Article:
As far as narrative archetypes go, the viral zombie is a relatively new one. While tales of vengeful voodoo ghouls date back to the early 20th Century, our modern concept of the flesh-hungry undead didn’t take shape until decades later when George Romero borrowed liberally from Richard Matheson‘s I Am Legend, reframed the creatures as the shambling unstoppable undead, and boom, zombies as we know them were born in the black-and-white bloodshed of 1968’s Night of the Living Dead. And yet, for such a modern narrative construct, the zombie genre has been all but wrung to death in the 21st century through an onslaught of sloppy retreads and remakes. And of course, 7 years of The Walking Dead.
Thanks in no small part to AMC’s unkillable series, zombies are arguably more popular than ever, but take a look at their native home in the cineplex and you’ll find a depressing scarcity of worthwhile lineage. Fortunately, every once in a while, a film comes along that’s willing to take risks, evolve the formula, and give the stagnant genre a jolt in the ass. The Girl with All the Gifts is one of those films
Directed by Colm McCarthy, best known for his British TV work on series like Peaky Blinders, The Girl with All the Gifts is a zombie pic that plays comfortably in its home genre, but never takes comfort in playing by the rote rulebook. It takes the zombie genre back to its sweet spot — the peculiar meeting ground between science and humanity and all the terrors and wonder that unfold there — and then it veers a hard left toward. Working from a script by Mike Carey (adapting from his novel of the same name), McCarthy matches genre conventions with bold and unusual narrative choices in pursuit of a commentary that feels like a sharp prod to bruised soft tissue when taken in context with the sociopolitical discord sweeping the globe right now.
We enter the world of The Girl with All the Gifts through Melanie (Sennia Nanua), a precocious and incredibly quick-witted young girl with an eerie efficiency. Melanie is eager to learn for the love of learning; a young woman passionately embracing all the knowledge life has to offer her with genial enthusiasm. Which is what makes it so strange when she’s strapped into a wheelchair at gunpoint by soldiers who clearly despise her. They call her an “abortion” to her face, when they deem to speak to her at all. Restrained in her chair, Melanie is wheeled to and from class, where the kind but conflicted Miss Helen (Gemma Arterton) leads a class full of children just like Melanie. Well, not quite like Melanie. She’s clearly the teacher’s pet, and while the other children are not half as quick and lacking her composure, they’re all strapped tightly in their wheelchairs, clad in matching orange jumpsuits, hoping Miss Helen will tell them a story instead of drilling them on the periodic table of elements just like any kid would.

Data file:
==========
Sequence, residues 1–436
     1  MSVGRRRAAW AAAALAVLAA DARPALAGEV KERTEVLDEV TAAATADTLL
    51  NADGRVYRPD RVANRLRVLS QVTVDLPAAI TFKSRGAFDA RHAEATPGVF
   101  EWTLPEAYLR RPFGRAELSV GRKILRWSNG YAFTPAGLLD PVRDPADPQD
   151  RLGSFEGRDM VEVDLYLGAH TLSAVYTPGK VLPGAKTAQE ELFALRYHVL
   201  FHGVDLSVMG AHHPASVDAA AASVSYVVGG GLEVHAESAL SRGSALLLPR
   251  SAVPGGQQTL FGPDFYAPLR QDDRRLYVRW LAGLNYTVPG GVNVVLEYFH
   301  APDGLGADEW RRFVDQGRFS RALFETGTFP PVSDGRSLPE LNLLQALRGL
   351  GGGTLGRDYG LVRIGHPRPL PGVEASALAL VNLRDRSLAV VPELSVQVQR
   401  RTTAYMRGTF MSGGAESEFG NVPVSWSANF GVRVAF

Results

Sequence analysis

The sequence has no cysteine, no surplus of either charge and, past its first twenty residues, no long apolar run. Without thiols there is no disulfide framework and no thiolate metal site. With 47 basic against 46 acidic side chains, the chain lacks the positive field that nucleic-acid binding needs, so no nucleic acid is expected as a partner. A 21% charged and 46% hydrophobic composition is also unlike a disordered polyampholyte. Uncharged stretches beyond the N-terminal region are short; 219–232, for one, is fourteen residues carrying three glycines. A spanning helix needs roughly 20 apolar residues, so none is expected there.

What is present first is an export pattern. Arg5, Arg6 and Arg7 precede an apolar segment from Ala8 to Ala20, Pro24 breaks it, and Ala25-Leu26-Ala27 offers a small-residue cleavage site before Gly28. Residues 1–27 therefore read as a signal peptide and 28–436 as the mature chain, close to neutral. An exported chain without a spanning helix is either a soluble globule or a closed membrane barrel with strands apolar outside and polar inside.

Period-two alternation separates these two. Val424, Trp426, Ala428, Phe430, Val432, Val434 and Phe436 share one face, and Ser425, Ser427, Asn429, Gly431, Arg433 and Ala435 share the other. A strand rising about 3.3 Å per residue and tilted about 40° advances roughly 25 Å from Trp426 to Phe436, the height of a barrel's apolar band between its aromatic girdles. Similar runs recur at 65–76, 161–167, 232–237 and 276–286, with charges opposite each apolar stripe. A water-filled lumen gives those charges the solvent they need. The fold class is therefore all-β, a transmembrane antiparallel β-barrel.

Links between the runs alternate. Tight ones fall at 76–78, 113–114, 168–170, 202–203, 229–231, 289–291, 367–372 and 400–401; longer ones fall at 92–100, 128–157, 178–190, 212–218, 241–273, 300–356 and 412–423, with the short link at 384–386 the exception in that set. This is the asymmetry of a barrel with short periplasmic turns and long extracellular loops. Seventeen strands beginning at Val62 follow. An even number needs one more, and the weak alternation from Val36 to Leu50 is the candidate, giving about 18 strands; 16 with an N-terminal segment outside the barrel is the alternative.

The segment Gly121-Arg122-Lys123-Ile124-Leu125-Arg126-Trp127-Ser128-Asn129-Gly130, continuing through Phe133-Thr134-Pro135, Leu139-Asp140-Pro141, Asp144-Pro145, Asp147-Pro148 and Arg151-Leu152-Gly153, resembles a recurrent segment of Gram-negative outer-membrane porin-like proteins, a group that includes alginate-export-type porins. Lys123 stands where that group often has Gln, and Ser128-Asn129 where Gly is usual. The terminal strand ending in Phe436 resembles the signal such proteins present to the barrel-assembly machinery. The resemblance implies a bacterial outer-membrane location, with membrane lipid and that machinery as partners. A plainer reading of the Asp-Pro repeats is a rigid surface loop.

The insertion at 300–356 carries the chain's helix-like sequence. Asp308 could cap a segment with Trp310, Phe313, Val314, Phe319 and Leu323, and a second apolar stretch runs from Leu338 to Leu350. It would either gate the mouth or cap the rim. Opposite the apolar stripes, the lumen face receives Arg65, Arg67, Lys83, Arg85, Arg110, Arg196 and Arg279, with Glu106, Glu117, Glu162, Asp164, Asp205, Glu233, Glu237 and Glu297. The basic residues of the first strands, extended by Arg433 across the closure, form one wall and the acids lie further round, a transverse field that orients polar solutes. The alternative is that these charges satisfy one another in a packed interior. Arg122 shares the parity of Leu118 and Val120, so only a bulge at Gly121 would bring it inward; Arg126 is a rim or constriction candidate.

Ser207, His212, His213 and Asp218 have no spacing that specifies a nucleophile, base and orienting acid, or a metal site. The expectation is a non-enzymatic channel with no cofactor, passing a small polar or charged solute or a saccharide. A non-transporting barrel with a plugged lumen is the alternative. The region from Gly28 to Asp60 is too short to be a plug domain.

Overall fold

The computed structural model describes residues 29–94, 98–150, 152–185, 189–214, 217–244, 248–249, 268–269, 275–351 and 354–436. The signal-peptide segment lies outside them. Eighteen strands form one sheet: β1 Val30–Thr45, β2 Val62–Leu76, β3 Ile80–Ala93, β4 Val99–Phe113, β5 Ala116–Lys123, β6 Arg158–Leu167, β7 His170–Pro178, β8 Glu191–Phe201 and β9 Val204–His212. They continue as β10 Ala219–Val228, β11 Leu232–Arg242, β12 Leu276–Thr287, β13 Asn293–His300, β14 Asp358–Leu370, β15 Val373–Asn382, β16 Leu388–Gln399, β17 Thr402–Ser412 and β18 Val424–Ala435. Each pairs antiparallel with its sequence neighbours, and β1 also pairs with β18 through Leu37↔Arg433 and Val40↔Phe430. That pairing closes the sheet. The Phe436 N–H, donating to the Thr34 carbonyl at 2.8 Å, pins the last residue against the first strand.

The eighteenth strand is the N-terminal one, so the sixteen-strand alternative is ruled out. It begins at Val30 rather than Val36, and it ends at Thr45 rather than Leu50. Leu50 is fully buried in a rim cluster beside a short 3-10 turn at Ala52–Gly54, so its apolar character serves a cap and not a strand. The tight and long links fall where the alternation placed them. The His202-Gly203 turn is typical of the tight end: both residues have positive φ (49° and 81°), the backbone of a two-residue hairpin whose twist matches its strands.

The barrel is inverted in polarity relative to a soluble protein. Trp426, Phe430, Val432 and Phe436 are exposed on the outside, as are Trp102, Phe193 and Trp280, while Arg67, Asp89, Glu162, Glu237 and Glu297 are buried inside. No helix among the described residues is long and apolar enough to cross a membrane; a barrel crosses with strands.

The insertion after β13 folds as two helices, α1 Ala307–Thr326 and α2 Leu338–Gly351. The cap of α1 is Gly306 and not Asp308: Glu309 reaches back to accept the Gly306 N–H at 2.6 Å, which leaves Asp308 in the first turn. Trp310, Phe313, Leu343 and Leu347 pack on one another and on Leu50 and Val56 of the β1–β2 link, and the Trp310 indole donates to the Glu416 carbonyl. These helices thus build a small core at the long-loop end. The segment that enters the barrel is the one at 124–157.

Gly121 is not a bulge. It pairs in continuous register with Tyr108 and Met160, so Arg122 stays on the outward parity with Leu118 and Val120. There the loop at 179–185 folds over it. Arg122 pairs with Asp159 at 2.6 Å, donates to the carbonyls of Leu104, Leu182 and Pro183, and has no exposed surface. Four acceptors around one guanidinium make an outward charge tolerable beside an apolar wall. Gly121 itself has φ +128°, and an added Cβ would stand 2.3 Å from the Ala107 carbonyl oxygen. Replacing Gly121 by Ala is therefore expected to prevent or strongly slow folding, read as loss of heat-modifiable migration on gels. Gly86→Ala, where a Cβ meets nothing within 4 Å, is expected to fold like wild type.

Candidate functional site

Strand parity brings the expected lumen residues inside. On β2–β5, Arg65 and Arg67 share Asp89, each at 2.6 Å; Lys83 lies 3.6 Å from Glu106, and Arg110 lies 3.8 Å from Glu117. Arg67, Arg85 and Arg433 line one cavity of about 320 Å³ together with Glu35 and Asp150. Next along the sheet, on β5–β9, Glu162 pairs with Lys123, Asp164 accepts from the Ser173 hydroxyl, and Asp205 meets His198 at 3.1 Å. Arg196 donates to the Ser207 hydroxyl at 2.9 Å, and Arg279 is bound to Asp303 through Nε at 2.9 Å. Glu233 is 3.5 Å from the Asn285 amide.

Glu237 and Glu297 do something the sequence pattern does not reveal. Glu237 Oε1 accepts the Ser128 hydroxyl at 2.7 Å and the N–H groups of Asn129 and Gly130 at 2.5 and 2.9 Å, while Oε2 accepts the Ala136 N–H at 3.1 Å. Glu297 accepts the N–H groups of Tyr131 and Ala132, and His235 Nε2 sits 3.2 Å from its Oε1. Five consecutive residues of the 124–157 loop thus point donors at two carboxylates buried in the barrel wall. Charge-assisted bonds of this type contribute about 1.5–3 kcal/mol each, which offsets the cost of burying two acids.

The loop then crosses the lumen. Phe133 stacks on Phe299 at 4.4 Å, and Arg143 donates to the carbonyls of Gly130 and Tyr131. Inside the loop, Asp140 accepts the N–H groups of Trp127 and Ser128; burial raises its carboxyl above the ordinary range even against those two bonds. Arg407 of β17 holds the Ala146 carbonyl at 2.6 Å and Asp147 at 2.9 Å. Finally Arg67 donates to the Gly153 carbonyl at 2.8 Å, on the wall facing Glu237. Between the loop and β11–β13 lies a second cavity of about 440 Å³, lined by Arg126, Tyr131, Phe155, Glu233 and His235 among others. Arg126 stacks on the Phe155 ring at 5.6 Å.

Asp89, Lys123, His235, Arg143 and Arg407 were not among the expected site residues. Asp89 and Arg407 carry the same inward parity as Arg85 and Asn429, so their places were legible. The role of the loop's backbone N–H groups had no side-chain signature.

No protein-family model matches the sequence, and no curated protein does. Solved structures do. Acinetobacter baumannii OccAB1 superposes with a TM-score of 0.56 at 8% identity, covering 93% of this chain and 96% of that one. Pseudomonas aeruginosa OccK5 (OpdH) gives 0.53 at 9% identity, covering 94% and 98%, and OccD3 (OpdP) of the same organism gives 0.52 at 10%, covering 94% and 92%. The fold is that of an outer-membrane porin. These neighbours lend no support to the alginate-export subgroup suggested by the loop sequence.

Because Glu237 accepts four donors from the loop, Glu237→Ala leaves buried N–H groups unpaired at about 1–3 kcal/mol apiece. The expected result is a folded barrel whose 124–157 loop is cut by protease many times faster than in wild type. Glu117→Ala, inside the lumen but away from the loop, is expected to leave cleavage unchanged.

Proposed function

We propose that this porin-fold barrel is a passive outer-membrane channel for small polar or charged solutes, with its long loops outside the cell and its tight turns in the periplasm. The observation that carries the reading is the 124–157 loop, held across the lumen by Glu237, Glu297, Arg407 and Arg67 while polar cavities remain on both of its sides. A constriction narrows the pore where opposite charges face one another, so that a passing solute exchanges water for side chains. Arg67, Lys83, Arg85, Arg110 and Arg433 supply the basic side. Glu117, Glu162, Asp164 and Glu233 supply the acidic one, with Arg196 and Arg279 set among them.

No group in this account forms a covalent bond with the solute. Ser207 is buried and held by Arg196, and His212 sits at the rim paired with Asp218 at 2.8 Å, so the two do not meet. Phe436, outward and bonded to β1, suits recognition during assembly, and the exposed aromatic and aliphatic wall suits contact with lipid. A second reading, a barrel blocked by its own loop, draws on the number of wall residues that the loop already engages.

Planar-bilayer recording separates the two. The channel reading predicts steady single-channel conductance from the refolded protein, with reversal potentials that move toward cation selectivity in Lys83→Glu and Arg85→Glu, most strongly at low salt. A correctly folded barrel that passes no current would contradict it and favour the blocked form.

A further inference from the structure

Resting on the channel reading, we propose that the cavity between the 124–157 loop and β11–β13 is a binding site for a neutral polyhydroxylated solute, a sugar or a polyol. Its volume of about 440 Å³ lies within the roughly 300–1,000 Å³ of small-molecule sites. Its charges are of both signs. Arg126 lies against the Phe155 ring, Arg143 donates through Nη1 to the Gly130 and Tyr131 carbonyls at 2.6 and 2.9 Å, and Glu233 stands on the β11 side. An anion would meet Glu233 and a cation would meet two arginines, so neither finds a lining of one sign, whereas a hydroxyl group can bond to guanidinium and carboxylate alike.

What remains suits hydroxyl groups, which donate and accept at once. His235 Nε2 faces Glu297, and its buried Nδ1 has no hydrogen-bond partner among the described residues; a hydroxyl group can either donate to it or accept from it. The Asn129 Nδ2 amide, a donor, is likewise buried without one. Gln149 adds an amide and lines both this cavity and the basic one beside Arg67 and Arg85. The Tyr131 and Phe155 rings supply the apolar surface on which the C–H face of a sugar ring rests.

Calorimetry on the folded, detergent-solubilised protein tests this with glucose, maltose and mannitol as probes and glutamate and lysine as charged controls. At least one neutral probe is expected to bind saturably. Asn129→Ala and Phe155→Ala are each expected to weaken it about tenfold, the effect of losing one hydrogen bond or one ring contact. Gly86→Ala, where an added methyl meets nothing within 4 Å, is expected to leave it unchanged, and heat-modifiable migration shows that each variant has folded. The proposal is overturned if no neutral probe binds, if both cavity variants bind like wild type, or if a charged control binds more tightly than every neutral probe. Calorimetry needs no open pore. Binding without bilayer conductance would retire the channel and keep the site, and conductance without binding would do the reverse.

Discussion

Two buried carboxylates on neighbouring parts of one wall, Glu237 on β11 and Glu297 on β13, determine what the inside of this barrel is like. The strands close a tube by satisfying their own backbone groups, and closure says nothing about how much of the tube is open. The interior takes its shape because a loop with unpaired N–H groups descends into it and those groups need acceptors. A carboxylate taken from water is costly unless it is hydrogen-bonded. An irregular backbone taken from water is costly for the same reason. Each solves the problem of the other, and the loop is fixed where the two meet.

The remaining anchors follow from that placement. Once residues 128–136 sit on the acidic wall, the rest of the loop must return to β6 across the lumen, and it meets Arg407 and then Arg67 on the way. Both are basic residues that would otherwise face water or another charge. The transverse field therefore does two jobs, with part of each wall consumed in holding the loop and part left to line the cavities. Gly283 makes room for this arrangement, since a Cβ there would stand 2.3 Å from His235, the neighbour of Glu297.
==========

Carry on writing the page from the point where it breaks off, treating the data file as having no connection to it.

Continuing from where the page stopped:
In short order, we learn that Melanie and her classmates are not kids at all, at least not as we know them. They’re “Hungries,” the flesh-hungry spawn of a deadly contagion that is wiping out the human race. They’re not like the conventional zombies we know. They can talk and learn and smile and maybe even love, judging by how Melanie looks at Miss Helen, but if they catch a whiff of fresh meat, they’ll jut out their jaws, snap their teeth, and rip out your neck a whole lot faster than you can debate the ethics of killing a child. Likewise, they’re not really in school, but prisoners and test subjects inside a military encampment where Dr. Caroline Caldwell (Glenn Close) is willing to sacrifice each and every one of them in the search for a vaccine against the deadly plague.
To reveal much more would be unfair and undermine the pleasure of such a refreshing spin on the genre, but suffice it to say the military compound doesn’t survive very long thanks to a horde of traditional zombies who overwhelm the fences and ravage everything in their path. There’s no fanfare leading up to the assault and McCarthy keeps the focus on the characters until the action literally comes bursting through the window and pushes them out into the chaos. From there, with the illusion of safe walls behind them, Melanie, Helen, and Dr. Caldwell form an uneasy alliance with Sgt. Eddie Parks (Paddy Considine) and hit the road.